Paul F. Kelly, MD; Daniel J. Williford, PhD, MD; Philip Greenland, MD
To the Editors: The recent article by Marmur and colleagues (1) suggests that quantitative tomographic exercise thallium scintigraphy is of value in identifying patients who are at risk for subsequent adverse events after medical stabilization and hospital care for unstable angina. We have several concerns about study design and data analysis that may invalidate the authors' conclusions.
First, the methods used to follow the two study groups were not equal. The patients in the "adverse outcome" group clearly were sicker and were receiving more medication at baseline. Undoubtedly, this group received greater medical attention after hospitalization than did the "no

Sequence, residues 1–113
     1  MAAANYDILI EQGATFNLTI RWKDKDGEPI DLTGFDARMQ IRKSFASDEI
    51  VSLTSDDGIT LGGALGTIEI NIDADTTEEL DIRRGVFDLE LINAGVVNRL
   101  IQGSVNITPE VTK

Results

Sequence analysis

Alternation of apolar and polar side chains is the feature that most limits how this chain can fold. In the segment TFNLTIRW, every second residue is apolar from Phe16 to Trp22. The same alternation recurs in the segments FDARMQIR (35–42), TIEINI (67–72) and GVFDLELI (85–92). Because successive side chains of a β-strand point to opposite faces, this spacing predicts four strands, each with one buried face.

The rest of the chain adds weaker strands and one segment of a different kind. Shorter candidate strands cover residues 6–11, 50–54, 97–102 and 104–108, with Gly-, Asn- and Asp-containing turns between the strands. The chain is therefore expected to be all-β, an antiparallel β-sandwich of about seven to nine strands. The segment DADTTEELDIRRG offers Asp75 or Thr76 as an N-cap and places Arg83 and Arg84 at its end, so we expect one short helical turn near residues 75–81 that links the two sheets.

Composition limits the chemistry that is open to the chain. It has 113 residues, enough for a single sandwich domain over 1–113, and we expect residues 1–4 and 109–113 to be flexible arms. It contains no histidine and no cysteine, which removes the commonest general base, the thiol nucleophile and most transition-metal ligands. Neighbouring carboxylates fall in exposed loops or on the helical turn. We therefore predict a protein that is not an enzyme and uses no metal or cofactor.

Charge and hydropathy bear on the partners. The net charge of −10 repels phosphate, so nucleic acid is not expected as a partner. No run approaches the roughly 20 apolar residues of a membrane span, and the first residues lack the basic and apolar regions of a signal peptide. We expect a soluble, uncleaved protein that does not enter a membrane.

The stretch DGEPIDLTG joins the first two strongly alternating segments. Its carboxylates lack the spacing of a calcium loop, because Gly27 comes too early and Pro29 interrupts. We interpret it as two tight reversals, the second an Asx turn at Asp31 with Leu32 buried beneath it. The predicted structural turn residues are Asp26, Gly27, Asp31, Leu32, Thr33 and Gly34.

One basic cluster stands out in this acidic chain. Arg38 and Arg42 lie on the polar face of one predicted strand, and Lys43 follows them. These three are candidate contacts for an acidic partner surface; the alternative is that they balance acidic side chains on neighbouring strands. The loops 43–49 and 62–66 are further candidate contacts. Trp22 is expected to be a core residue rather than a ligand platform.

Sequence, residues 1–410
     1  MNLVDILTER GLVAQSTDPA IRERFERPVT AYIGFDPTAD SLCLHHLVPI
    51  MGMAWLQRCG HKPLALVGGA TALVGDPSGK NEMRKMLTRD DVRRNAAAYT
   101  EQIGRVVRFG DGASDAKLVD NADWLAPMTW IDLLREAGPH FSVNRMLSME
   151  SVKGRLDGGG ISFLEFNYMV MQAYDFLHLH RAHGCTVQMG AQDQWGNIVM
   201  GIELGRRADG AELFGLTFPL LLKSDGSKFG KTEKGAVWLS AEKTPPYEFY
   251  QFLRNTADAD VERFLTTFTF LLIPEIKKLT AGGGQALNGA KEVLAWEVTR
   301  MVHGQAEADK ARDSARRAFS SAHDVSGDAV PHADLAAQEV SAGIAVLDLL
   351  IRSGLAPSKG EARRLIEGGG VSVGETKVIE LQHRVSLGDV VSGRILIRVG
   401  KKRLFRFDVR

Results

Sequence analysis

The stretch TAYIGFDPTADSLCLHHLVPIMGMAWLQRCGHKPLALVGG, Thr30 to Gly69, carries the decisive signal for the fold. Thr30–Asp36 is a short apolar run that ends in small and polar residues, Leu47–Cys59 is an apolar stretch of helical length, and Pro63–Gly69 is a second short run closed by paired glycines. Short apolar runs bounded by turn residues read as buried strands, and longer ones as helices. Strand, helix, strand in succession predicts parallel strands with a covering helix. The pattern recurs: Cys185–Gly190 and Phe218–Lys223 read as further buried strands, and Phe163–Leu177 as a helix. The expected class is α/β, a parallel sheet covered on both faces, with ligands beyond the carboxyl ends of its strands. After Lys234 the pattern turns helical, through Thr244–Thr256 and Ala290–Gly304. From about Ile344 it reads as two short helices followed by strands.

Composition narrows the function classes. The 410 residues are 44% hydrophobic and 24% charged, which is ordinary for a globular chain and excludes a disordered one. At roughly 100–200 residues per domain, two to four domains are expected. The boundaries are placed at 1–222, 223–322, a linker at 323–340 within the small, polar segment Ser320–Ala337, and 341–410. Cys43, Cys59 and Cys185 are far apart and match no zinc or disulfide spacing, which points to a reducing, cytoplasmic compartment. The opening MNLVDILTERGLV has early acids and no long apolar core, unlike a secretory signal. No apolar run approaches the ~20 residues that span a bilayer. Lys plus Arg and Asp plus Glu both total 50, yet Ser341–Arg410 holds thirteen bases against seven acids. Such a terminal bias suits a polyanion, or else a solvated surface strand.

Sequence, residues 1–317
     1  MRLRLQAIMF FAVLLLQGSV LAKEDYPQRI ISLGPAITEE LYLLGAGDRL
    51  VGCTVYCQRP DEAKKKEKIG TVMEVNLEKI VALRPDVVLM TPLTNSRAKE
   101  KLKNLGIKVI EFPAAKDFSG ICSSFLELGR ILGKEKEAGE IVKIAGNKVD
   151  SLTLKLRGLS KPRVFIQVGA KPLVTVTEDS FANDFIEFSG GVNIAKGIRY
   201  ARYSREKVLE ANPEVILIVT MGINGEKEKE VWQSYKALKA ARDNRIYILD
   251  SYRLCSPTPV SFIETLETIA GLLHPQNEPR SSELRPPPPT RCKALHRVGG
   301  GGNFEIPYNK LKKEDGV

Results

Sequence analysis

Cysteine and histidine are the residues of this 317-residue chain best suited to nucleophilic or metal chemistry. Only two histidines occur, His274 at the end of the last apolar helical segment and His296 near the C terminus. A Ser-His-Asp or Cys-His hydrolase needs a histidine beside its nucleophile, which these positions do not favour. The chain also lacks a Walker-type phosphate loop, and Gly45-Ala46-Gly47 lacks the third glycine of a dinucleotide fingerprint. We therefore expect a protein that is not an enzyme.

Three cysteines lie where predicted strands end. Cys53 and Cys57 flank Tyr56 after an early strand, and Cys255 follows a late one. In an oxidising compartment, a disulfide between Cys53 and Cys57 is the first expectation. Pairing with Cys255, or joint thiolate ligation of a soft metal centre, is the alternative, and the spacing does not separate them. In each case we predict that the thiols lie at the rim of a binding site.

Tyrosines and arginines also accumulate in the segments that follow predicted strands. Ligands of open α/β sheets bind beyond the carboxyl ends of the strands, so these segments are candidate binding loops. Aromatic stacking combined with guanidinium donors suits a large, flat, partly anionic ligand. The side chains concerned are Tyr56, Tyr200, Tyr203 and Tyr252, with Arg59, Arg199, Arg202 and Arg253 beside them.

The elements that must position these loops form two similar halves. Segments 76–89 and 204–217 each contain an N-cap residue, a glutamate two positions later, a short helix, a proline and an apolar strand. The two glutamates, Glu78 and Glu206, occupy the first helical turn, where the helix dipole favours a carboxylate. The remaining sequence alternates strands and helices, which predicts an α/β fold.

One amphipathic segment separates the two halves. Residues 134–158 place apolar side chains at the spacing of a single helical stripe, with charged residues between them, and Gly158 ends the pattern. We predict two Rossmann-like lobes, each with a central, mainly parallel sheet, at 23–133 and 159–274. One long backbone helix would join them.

Kelly PF, Williford DJ, Greenland P. Predicting the Course of Unstable Angina. Ann Intern Med. 1991;114:336–337. doi: 10.7326/0003-4819-114-4-336
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Published: Ann Intern Med. 1991;114(4):336-337.
Acute Coronary Syndromes, Cardiology, Coronary Heart Disease, Emergency Medicine.
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